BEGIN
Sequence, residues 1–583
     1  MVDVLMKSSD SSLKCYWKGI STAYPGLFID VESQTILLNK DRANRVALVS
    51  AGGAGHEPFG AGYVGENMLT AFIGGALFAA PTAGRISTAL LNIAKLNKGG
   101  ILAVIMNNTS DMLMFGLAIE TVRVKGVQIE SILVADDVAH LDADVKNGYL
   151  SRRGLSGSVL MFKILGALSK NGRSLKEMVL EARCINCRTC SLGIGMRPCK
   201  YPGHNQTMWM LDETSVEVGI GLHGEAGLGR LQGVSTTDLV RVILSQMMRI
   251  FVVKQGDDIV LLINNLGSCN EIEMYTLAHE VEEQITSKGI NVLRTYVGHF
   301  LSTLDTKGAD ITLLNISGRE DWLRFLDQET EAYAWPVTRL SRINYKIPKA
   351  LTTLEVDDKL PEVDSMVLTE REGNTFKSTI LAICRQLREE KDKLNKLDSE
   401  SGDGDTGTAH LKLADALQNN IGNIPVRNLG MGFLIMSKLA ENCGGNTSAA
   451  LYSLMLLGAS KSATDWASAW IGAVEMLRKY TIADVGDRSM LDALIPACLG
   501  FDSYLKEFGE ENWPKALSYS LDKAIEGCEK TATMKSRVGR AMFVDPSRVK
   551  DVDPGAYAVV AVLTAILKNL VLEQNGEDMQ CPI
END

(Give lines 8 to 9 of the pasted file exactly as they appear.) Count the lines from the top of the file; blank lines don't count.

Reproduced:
   301  LSTLDTKGAD ITLLNISGRE DWLRFLDQET EAYAWPVTRL SRINYKIPKA
   351  LTTLEVDDKL PEVDSMVLTE REGNTFKSTI LAICRQLREE KDKLNKLDSE